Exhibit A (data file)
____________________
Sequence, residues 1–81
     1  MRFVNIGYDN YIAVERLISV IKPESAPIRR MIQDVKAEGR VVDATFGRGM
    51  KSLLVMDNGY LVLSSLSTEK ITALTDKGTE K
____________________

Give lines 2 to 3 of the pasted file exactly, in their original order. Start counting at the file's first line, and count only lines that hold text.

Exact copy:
     1  MRFVNIGYDN YIAVERLISV IKPESAPIRR MIQDVKAEGR VVDATFGRGM
    51  KSLLVMDNGY LVLSSLSTEK ITALTDKGTE K